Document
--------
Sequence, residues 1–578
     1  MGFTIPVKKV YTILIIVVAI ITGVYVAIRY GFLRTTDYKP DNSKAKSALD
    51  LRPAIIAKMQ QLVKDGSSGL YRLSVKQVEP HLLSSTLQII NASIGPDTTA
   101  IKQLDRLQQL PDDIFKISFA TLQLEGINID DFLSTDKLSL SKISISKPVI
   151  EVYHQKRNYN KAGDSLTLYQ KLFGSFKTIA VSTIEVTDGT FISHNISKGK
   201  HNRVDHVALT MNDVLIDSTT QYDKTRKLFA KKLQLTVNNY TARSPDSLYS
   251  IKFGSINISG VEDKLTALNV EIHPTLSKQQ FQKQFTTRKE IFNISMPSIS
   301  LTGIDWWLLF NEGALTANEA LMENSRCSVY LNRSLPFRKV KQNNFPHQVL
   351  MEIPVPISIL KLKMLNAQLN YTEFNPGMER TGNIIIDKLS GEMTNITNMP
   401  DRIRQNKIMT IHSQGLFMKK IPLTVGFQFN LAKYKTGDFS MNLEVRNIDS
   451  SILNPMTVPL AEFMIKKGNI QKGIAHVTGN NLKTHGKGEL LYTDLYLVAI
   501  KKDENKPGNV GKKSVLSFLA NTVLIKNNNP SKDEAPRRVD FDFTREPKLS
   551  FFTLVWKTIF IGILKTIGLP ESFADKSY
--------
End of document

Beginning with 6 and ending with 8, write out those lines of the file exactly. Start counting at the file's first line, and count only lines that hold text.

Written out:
   201  HNRVDHVALT MNDVLIDSTT QYDKTRKLFA KKLQLTVNNY TARSPDSLYS
   251  IKFGSINISG VEDKLTALNV EIHPTLSKQQ FQKQFTTRKE IFNISMPSIS
   301  LTGIDWWLLF NEGALTANEA LMENSRCSVY LNRSLPFRKV KQNNFPHQVL